Former AgResearch scientist, Ian Knowles, likes to lead from the front when it comes to sheep and plant trials and comparative experiments on his diverse hill country farm.
He farms about 4000 ewes and 1000 hoggets at Glenmark Springs and most of the genetics have come out of trial mobs he still runs to find out what works and what doesn't.
"Also with the plant genetics, if there's anything new or novel, I'm pretty keen to get a couple of hectares in to see what it looks like on the farm," he says.
The 2023 Canterbury Ballance Farm Environment Awards supreme winner has done extensive fertiliser trials too.
“For four or five years I ran fertiliser trials on two different sites on the property with all the conventional fertilisers and also comparing them with more natural type products, like seaweed-based fertilisers.”
He found natural fertilisers to be a lot more unpredictable than chemical products.
“You're seeing some results you weren't expecting and then often you weren't getting the results that you were hoping for. Sometimes it would take maybe 18 months or two years to see a result,” he says.
Environmental stewardship is a key part of Ian’s land management plan.
To stop soil erosion, 35 hectares of steep or uncultivable land has been planted in poplar poles, and at the back of the farm, he's even planted a fruit orchard around a drafting yard.
There are some scenic surprises dotted around the dryland property that Ian’s parents purchased 20 years ago.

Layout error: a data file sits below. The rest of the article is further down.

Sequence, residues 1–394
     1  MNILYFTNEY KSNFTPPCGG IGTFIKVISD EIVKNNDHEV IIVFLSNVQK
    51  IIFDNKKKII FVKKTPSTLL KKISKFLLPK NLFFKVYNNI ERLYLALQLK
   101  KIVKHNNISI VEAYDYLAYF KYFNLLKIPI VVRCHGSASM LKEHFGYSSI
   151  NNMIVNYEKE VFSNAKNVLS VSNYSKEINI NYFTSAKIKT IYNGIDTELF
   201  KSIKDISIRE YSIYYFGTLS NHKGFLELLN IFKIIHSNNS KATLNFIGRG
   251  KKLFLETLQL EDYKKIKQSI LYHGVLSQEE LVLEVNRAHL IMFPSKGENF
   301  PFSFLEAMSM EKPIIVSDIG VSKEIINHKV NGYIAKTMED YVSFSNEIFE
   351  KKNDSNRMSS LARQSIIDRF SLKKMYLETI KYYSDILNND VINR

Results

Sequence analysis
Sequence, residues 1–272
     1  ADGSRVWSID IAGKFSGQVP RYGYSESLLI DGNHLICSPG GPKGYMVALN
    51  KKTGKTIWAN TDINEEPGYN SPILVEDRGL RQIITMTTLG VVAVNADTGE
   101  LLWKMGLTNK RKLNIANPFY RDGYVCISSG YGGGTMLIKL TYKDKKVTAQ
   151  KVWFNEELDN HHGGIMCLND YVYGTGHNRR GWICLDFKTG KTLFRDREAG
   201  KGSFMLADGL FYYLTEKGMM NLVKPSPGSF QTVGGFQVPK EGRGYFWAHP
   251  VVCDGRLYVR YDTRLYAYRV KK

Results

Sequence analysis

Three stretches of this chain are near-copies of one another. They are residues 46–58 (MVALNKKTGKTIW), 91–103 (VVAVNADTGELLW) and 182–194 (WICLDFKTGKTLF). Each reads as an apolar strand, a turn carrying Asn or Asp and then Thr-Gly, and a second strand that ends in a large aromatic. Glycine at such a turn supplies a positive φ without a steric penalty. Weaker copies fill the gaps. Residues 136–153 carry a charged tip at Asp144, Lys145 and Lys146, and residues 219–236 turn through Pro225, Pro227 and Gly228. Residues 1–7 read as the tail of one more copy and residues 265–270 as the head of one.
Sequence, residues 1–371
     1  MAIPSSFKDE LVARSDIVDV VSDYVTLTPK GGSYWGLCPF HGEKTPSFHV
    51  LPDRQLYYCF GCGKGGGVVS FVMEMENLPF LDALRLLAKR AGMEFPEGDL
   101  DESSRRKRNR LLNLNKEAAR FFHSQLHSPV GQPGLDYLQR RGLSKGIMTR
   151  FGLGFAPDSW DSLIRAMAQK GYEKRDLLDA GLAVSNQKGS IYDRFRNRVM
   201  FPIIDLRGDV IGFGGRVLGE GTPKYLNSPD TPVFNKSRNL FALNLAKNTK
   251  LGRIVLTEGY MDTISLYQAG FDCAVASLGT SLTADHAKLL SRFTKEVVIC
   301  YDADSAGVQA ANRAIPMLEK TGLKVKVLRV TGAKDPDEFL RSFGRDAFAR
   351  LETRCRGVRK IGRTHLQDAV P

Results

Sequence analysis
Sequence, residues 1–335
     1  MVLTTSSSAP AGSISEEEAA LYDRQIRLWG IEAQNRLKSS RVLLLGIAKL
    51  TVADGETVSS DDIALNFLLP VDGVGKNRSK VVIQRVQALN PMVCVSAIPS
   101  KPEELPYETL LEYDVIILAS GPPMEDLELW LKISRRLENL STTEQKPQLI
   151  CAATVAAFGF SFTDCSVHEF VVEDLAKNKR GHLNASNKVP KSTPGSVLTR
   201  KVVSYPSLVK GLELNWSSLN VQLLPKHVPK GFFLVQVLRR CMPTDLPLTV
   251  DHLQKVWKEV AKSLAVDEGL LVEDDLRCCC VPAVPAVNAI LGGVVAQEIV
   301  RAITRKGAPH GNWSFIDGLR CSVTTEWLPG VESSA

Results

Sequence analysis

Native gullies that have never been developed divide the steep hills, and large outcrops of limestone rocks jut out of summer-parched land.
Some of the outcrops are archaeological sites as they contain examples of Māori rock drawings.
"There's 26 individual drawings that have been noted and reported on and there may be more but some of the areas are not that easy to get to," he says.
An iwi covenant or kawenata ensures they stay the way they are.
Not far away in a paddock are a herd of lanky ostriches.
Ian has about 40 on his farm and the two breeding groups have started laying eggs.
“They tend just to find a bit of dirt and start laying, but on the hill country the eggs do tend to roll around a bit!”
Last year's chicks, which are now as big as their parents are sharing the grazing duties with the sheep.
“The only challenge we have for the young birds is keeping them warm and dry until they're big enough to look after themselves, and after that, they're pretty much bulletproof.”
He is not sure yet if he will farm them commercially for their meat.
“If you don't have a market for the product, there's no point in really multiplying them up. So, at the moment, we're a wee bit in limbo.”